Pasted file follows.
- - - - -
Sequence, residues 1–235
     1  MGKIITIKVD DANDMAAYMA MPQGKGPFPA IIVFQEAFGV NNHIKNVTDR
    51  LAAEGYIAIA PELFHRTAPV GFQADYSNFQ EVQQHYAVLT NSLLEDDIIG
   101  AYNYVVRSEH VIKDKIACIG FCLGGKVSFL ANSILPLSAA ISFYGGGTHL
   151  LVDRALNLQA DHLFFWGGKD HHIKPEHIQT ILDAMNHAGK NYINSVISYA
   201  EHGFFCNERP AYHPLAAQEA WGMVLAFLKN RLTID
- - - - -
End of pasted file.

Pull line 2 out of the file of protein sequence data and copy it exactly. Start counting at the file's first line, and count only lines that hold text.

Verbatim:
     1  MGKIITIKVD DANDMAAYMA MPQGKGPFPA IIVFQEAFGV NNHIKNVTDR